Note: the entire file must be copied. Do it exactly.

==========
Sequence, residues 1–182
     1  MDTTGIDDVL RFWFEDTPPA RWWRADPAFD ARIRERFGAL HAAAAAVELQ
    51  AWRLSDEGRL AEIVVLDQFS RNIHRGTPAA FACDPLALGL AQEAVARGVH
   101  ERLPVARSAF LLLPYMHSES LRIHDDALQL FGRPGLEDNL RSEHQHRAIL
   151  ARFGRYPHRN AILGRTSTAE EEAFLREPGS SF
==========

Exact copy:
Sequence, residues 1–182
     1  MDTTGIDDVL RFWFEDTPPA RWWRADPAFD ARIRERFGAL HAAAAAVELQ
    51  AWRLSDEGRL AEIVVLDQFS RNIHRGTPAA FACDPLALGL AQEAVARGVH
   101  ERLPVARSAF LLLPYMHSES LRIHDDALQL FGRPGLEDNL RSEHQHRAIL
   151  ARFGRYPHRN AILGRTSTAE EEAFLREPGS SF